If you’re looking to get out and explore this area of Portugal’s western Algarve, here are 3 quick and easy road trips you can tick off without spending hours in the car…
Carvoeiro was made for family breaks. A former fishing village on Portugal’s Algarve coast, it’s got a neat sandy beach complete with child-friendly rock pools, plenty of shops and restaurants next door, and more in the way of beaches close by – we ticked off Praia da Marinha and Carvalho beach when we visited in June.
Beaches aside, Carvoeiro also puts you in a great spot to explore lots of local highlights. We stayed in a property from Thomson’s Villas With Pools collection, which meant car hire was included. Not wanting to stray too far from the pool – and with fidgety toddlers in the car – we stuck to places within around half-an-hour’s drive of our base. Here are 3 trips I’d recommend if you’re staying in the area…
If seafood is your thing, you’re going to want to pay a visit to this pretty fishing village north-west of Carvoeiro. We went in the early evening to scope out places for dinner and, after a few laps of the quayside – checking out the menus and sidestepping the washed-up fishing boats en route – we settled on juicy prawns and fresh fish cooked on the barbecue at A Ria. While you’re in the village, climb the steep cobbled alleys that lead up to the church, and if you need a beach fix head for Praia Grande – this sandy sweep is as popular with sunbathers as it is with windsurfers.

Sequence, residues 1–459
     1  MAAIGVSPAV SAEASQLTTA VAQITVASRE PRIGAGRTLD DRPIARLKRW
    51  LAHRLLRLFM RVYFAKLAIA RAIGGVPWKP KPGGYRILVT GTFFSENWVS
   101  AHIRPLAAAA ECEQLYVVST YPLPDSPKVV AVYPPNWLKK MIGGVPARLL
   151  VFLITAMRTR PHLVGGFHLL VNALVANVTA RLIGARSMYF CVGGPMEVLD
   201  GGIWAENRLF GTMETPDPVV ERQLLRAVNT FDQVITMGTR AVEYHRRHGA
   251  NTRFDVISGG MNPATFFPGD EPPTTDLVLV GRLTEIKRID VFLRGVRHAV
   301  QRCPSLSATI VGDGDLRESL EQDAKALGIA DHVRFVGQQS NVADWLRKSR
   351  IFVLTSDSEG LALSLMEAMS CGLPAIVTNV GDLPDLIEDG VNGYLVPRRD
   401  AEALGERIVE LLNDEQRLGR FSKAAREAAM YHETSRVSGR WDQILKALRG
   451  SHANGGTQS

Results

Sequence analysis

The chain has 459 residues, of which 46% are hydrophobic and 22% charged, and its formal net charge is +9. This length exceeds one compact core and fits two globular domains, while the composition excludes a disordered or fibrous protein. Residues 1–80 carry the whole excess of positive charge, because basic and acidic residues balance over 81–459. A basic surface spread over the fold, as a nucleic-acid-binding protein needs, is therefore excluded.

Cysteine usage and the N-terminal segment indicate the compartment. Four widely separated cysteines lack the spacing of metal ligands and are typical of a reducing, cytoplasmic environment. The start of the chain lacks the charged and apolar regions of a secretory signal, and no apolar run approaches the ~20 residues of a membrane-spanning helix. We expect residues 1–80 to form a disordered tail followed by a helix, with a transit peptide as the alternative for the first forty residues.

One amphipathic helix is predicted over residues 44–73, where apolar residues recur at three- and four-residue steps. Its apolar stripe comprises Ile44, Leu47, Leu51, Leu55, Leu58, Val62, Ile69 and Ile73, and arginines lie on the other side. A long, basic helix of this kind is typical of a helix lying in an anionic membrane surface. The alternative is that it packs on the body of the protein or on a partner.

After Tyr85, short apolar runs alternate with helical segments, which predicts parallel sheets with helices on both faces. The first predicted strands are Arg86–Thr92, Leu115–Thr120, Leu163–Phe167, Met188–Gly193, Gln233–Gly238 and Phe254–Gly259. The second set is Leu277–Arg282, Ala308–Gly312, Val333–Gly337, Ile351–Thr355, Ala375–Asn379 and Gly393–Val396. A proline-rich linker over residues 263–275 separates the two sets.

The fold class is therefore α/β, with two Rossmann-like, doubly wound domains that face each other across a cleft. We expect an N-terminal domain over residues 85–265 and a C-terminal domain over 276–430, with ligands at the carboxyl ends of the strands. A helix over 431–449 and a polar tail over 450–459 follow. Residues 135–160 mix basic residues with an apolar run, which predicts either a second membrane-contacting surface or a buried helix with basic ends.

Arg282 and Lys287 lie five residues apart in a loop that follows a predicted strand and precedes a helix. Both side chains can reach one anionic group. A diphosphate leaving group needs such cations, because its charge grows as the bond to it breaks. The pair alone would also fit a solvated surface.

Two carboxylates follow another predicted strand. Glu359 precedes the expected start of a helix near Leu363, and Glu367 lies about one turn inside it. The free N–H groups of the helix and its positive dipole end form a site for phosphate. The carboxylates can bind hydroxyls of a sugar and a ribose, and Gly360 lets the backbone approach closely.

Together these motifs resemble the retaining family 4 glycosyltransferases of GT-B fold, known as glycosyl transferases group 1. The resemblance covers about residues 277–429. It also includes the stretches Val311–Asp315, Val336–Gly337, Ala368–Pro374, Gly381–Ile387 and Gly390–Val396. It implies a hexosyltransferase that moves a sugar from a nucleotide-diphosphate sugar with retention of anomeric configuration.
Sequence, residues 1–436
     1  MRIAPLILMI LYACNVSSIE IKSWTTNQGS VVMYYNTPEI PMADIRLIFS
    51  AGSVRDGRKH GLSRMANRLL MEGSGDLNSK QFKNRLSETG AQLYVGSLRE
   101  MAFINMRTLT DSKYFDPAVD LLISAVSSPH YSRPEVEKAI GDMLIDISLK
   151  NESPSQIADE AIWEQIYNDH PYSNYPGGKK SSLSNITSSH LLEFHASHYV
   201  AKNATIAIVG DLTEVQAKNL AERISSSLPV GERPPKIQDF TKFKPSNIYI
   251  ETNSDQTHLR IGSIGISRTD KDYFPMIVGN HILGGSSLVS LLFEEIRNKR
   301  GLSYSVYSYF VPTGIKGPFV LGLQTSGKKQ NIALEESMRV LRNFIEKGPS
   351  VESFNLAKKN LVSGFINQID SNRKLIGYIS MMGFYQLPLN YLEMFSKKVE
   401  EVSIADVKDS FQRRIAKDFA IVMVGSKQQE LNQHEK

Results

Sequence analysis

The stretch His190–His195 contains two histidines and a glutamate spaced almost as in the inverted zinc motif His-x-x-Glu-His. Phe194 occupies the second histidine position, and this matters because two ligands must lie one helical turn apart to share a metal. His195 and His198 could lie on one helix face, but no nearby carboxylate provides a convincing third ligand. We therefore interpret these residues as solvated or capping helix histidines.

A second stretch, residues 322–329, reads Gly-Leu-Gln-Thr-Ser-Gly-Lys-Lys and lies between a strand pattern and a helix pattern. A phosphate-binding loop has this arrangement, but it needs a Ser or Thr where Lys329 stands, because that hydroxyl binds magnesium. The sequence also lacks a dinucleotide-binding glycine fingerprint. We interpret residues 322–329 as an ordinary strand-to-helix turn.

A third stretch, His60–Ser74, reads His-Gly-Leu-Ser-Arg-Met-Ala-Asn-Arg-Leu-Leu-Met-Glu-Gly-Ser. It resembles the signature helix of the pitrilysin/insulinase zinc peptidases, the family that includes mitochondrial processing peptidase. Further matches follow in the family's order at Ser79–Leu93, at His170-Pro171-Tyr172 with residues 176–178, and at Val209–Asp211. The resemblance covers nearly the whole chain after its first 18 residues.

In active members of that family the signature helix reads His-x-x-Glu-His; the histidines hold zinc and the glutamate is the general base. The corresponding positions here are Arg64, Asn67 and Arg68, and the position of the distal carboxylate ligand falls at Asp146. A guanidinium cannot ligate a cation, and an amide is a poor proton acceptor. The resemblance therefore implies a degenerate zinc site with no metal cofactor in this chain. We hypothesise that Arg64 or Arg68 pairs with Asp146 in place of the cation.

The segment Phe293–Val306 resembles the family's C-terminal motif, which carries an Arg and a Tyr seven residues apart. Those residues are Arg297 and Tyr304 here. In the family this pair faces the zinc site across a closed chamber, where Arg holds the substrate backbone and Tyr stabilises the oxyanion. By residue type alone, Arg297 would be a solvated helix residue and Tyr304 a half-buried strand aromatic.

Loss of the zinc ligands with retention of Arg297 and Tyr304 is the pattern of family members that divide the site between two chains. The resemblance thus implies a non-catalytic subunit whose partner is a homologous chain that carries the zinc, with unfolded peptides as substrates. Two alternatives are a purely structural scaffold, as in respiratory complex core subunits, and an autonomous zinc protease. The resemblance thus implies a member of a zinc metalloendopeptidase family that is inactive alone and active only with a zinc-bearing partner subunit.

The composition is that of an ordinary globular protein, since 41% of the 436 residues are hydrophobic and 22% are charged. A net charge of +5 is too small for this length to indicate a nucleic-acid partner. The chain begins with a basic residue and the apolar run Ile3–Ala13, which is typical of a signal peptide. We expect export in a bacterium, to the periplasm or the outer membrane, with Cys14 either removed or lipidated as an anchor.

Photograph © Steve Quayle.
The biggest town in the area, Portimao sits on the bank of the Arade river looking out towards Ferragudo. At one end of the town there’s a smart marina with a free car park, but you can also find plenty of spaces closer to the centre – a short stay will set you back a couple of euros. We headed straight for the tourist information centre, picked up a free map, and followed it to the market on Avenida Sao Joao de Deus. If you’re in a self-catering villa, this is the place to shop alongside the locals for fresh fish, fruit and veg and Portuguese cakes and pastries. When you’re done, head back in the direction you came to the streets around Rua Joao de Deus – they’re pedestrianised, so you can carry on shopping in peace.
In the opposite direction – back east along the motorway towards Faro airport – you’ll find the town of Loule. It’s best saved for a Saturday morning, when the market bursts into life on Praca da Republica. Get there early – around 9 or 10 in the morning – and you can snap up everything from fist-sized bulbs of garlic and giant smoked sausages to sweet fig-and-almond cakes (known as ‘fig cheese’), dainty pots of honey and imaginatively-flavoured jams. Stalls fill the market building itself and spill out onto the surrounding streets in every direction. When you’re done shopping, pull up a chair at one of the outdoor cafés, order a fresh coffee and a pastel de nata – a Portuguese custard tart – and watch as the place fills up even more. You’ll be glad you got here early.
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Author: Katie Gregory
Published: July 4, 2014
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